Winter whales common off Newfoundland

Not all of the popular cetaceans head south for the season

Josh Pennell Josh.pennell@thetelegram.com
Published on January 13, 2015
The tail of a humpback whale slips beneath the surface of Freshwater Bay.
— File photo by Keith Gosse/The Telegram

You might not spot too many tourists around this time of year, but you might still get a look at some whales.

On social media over the weekend it was mentioned that some people hiking and doing some winter birdwatching had spotted a humpback whale off Cape Spear.

While tangly ocean conditions and wiley winter weather might not be the best for seeing cetaceans, that doesn’t mean they’re not still off our shores this time of year.

“Most of the animals, not just humpbacks but fin whales and minkes, most of these animals are most abundant here in the summertime, when the caplin and other forage fish are spawning, but we do have them through the wintertime,” says Department of Fisheries and Oceans (DFO) scientist Jack Lawson.

There’s even evidence of humpbacks staying around all winter.

Traditionally, it was thought humpbacks headed south to the tropics this time of year to breed, and many do, Lawson says.

The females calve in the warmer waters down south, and the thinking is that males go down to sing and breed. It has been suggested the humpbacks seen here in the winter months are females taking a break from breeding, but Lawson has seen proof of males staying for the winter, too.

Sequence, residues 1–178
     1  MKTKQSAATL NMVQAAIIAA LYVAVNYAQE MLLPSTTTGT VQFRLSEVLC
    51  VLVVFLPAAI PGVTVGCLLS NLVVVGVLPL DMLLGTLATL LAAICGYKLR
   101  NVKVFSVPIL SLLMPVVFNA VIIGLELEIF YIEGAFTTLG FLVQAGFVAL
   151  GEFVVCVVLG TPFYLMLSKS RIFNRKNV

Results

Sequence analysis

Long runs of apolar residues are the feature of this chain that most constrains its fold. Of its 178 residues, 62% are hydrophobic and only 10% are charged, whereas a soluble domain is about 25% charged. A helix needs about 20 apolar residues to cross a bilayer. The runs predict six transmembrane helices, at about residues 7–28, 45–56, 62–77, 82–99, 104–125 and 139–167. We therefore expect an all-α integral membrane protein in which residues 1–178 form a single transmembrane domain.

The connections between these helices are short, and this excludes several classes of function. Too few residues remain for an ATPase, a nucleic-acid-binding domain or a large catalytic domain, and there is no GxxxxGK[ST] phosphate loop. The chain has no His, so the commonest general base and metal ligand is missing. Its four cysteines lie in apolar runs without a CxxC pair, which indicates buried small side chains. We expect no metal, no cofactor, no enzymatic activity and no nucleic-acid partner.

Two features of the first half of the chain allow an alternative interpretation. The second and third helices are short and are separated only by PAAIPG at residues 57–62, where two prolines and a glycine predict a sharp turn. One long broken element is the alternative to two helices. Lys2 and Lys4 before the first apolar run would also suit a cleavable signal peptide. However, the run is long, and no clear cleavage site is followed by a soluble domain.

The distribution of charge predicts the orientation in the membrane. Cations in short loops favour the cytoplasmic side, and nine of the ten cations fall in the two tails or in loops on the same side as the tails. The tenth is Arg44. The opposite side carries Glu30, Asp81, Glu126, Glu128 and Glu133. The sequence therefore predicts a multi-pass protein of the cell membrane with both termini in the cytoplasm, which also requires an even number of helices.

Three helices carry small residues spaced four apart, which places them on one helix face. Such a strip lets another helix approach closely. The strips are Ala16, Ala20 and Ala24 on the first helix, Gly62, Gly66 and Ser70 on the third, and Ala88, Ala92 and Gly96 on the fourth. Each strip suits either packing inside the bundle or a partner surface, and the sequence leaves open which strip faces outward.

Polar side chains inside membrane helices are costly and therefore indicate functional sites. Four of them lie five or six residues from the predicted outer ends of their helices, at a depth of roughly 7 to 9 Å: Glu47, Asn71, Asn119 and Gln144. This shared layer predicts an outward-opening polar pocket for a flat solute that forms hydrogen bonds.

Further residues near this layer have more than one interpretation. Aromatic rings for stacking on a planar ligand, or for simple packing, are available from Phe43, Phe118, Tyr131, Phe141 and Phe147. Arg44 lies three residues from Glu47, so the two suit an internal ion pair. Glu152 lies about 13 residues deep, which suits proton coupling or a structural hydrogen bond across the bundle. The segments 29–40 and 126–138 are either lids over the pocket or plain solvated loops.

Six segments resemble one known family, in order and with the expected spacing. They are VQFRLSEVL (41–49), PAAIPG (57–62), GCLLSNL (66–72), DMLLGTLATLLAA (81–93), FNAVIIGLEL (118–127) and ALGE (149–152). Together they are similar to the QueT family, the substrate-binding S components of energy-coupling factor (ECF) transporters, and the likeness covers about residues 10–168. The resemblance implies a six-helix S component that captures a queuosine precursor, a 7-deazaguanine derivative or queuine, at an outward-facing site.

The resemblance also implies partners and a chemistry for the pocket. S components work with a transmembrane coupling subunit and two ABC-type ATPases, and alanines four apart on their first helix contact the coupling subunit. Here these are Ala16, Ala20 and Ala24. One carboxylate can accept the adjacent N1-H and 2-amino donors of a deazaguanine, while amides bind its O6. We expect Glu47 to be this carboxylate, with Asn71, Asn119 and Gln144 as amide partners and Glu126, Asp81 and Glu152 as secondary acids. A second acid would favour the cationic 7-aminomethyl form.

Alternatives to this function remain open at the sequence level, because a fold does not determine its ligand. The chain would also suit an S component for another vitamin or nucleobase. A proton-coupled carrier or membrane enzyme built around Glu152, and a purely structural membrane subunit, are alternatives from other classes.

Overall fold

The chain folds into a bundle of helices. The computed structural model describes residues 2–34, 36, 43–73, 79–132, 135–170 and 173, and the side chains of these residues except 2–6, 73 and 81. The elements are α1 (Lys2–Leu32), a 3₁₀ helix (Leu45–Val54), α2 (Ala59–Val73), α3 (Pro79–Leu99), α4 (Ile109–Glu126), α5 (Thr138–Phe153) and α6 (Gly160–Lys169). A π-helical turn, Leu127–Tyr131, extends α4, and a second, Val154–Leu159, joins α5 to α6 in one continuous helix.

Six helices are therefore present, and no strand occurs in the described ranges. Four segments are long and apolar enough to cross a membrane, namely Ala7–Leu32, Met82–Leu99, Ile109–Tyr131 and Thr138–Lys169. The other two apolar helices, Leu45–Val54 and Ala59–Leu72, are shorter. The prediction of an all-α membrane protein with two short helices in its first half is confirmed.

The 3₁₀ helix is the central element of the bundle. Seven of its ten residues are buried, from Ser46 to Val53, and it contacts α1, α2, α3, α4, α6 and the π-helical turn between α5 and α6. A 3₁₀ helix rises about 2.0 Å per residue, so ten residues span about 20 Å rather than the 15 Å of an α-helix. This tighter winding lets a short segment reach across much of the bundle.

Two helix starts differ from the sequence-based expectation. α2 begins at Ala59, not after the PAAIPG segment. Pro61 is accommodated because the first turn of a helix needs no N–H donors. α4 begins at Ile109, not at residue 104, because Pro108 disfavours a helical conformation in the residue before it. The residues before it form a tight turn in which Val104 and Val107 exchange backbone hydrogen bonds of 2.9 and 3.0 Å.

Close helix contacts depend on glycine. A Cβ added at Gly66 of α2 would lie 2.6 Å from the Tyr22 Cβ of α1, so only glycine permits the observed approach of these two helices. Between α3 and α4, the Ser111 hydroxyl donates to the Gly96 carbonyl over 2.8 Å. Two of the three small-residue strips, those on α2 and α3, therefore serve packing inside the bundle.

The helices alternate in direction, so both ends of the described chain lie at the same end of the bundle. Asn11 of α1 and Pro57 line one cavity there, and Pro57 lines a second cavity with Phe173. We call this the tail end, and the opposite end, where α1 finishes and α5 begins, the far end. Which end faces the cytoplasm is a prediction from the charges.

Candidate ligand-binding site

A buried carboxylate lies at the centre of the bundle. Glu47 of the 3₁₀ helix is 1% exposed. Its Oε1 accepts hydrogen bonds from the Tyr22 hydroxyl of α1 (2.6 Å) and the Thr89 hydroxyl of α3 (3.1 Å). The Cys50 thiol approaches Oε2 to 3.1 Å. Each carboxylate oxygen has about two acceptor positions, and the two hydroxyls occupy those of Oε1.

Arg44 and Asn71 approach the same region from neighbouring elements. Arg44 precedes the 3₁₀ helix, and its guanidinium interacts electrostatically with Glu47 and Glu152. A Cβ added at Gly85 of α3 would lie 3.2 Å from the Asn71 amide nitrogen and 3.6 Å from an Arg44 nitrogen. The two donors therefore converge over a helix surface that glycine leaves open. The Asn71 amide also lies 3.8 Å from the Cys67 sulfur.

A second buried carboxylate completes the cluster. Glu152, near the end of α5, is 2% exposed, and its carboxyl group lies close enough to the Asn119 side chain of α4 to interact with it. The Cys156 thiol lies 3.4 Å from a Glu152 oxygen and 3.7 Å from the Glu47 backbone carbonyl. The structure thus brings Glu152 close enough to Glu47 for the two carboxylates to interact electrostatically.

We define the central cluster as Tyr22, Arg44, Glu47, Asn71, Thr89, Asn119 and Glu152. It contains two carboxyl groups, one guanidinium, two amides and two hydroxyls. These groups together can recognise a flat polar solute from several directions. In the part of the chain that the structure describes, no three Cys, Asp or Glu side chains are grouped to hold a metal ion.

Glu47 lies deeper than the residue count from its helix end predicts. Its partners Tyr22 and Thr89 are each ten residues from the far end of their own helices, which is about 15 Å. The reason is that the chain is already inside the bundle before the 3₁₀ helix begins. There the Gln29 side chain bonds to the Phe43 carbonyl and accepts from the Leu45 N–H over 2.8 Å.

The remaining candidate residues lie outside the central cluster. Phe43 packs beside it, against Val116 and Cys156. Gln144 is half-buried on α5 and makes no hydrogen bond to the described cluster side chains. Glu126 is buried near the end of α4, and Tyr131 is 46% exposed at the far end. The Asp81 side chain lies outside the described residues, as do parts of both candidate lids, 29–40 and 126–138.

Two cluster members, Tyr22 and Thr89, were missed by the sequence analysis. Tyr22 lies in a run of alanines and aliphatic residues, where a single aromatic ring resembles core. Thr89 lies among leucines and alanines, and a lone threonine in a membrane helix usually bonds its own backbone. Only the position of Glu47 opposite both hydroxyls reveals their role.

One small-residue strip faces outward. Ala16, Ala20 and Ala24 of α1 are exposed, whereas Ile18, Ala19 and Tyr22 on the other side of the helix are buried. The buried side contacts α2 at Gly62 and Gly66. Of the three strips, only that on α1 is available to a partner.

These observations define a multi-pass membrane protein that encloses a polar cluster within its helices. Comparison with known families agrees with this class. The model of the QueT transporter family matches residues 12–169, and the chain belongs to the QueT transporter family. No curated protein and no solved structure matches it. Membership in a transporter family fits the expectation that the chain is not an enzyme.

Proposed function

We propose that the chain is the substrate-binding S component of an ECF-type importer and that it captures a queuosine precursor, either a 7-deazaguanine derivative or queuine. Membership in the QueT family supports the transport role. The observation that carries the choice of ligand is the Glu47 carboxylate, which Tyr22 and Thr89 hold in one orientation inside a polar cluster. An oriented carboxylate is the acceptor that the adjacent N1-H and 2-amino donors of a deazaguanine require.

Or more appropriately, he’s heard the evidence.

“We have ourselves, as well as researchers in Iceland last year, heard males singing off Labrador in the wintertime.”

Male humpbacks sing to attract mates. It might be possible these males are practising getting their song ready for when they go south to mate or, Lawson adds, it might be that they are mating over the winter season.

There’s still a lot of unknowns about what these wintering whales do around here, because little to no research is done during this time of year.

What is known is that places such as Twillingate, Fogo and south of St-Pierre are reliable places to see whales every winter, and offshore has its areas, as well.

“When I have flown offshore with the surveillance aircraft we see a heck of a lot of whales out off the Flemish Pass and the Flemish Cap in the winter because it is still quite warm out there and there’s fish,” says Lawson.

They have a broad diet of krill and fish such as capelin, herring and mackerel, so as along as there’s food to their liking around, they’ll stay. And who wouldn’t want to spend the holiday season spreading cheer with some whale-watching?

“The ones off the north coast have even been nicknamed Christmas whales sometimes because people have gone up there and they’re just always there,” says Lawson.

 

josh.pennell@thetelegram.com